RUSSELL JURIANSZ, LEGAL COUNSEL, CANADIAN HUMAN RIGHTS COMMISSION,

OTTAWA

The noncombatants

Outraged is the only word to describe my feelings after reading your article on dogfighting, Dying Like a Dog ( May 1 ). I have raised, trained and sold pit bull terriers for a number of years for pet and show. I am against fighting them. As a result of your article, which unfairly labels me as a dogfighter, I have been receiving threatening phone calls, which have placed my business and my life in jeopardy.

STEPHANIE BRISCOE. VANCOUVER

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Ah, those weren’t the days

Barbara Amiel’s profile of Margaret Trudeau, Swinging on a Star (April 3)—although excellent in its analysis of Margaret—goes the way of many articles written in the 1970s, by becoming involved in ’60sbaiting. Amiel uses the overly simplistic statement, “the change-for-change’s-sake spirit of the Sixties,” to describe that period of time. Many of the movements during that decade had definite aims and

goals—such as the civil rights movement under Martin Luther King, and the antiVietnam war movement. I feel the term, “Sixties flower child,” which Amiel applies to Margaret, was simply a creation of the mass media, which were trying to make something out of Margaret which she wasn’t.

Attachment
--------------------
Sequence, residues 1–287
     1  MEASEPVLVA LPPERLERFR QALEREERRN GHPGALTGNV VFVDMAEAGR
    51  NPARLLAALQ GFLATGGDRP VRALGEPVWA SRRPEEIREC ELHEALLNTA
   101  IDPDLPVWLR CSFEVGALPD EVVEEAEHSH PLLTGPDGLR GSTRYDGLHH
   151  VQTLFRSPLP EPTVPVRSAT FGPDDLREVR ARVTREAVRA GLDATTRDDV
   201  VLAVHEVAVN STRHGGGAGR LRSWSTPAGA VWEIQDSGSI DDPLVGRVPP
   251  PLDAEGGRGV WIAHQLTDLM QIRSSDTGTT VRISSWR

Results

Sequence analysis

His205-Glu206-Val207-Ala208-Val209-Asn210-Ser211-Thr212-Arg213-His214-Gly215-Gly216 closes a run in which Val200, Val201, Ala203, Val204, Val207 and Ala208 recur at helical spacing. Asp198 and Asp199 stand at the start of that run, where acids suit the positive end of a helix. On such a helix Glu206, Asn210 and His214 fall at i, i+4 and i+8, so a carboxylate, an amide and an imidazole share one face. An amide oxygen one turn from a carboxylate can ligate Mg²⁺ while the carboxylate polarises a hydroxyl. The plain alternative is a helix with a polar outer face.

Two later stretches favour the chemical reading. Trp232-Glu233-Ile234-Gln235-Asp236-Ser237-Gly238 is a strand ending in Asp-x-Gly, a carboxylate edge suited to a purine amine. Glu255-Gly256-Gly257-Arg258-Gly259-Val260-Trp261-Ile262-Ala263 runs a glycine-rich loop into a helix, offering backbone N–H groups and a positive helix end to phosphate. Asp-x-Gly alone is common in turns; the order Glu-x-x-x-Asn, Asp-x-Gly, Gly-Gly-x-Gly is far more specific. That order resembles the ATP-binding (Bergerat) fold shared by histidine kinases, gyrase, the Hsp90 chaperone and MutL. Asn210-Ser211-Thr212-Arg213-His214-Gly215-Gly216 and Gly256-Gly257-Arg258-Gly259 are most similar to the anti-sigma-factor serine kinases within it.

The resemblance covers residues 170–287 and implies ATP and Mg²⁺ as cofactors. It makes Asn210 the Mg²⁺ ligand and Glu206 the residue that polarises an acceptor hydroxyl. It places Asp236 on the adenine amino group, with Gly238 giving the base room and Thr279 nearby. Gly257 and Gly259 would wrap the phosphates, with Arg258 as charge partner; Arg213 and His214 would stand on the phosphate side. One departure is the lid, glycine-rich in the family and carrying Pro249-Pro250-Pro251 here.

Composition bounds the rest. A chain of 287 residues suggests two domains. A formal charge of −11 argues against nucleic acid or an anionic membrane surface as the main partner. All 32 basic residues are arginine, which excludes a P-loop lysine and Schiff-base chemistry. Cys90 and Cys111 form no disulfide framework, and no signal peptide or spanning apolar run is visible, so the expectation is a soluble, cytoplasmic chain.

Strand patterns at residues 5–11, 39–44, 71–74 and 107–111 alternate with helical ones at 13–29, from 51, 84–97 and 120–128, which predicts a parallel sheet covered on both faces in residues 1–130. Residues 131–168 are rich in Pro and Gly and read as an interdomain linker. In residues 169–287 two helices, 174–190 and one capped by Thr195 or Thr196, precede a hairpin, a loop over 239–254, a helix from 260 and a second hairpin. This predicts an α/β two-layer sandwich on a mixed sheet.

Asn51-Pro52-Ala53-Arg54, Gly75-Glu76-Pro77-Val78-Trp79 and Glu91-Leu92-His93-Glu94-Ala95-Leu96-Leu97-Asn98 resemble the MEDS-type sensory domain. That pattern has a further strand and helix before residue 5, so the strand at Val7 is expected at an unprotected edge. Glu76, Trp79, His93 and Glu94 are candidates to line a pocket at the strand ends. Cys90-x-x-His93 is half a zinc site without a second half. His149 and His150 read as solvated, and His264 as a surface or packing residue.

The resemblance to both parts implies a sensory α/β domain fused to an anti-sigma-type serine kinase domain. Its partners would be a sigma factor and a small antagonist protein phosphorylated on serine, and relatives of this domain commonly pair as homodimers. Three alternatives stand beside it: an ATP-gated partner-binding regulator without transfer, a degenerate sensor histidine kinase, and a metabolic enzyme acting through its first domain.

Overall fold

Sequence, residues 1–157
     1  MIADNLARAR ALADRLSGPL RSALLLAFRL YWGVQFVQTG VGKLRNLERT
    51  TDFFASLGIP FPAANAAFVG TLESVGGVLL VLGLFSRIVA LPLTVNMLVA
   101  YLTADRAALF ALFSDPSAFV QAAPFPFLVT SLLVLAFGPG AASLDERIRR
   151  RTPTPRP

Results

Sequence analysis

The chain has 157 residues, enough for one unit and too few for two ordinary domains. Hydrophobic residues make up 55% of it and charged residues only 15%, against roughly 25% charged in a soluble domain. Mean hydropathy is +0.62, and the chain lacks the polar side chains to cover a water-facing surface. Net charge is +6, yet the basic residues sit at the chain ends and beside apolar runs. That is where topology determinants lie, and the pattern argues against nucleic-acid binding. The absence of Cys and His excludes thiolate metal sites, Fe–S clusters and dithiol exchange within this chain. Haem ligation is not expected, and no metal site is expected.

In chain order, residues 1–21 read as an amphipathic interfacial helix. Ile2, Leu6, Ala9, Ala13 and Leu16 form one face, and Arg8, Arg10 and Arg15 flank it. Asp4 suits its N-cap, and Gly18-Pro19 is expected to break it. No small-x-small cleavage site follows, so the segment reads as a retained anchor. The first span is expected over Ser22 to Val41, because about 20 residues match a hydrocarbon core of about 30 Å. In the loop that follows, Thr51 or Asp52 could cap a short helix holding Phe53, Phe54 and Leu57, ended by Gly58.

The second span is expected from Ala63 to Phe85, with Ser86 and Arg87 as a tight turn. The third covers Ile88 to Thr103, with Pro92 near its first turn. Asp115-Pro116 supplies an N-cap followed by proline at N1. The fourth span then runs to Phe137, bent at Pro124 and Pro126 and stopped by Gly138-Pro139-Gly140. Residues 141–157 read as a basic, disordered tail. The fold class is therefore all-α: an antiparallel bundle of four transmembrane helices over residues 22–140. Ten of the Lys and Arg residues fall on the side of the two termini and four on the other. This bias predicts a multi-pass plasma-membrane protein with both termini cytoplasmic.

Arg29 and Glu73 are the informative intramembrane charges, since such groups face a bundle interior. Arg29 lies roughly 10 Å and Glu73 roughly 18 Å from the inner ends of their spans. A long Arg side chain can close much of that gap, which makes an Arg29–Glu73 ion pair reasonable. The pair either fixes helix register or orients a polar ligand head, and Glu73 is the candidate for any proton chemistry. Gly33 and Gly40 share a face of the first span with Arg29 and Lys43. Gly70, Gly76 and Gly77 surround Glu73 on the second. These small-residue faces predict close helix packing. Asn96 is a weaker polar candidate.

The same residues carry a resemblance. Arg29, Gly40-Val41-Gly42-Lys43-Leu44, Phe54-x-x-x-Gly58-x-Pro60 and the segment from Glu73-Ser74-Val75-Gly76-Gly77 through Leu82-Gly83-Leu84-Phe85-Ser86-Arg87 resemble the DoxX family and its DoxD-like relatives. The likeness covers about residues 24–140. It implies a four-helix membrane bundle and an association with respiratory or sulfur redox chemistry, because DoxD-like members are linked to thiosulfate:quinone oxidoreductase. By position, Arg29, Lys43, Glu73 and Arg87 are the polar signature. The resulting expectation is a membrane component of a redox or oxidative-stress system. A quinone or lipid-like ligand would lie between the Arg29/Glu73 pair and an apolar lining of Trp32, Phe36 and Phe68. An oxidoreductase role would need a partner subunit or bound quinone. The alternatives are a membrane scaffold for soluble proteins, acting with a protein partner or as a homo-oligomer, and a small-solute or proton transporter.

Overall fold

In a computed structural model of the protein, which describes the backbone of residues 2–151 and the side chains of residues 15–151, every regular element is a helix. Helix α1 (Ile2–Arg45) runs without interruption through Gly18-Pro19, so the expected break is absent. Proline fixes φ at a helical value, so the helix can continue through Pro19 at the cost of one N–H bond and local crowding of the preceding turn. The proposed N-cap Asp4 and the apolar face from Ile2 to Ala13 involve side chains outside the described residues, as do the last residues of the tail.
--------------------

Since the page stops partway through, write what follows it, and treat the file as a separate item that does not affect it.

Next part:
IAN R. SUTHERLAND. SARNIA, ONT.

How dare Barbara Amiel use the word “courage” in describing Margaret Trudeau. It takes courage to stay married in today’s world. Margaret is a coward.

MRS. DAVID L. JOHNSON, FORT LAUDERDALE, FLA.

I was thoroughly incensed at Barbara Amiel’s cursory treatment of the women’s movement in her article on Margaret Trudeau. She dismisses the movement as unwarranted, complaining about “the pampered North American female.” Those of us who are part of the feminist . movement simply ask for the same rights and privileges as those enjoyed by men, and we are perfectly willing to forgo this illusive “pampering” to attain our rightful place in society.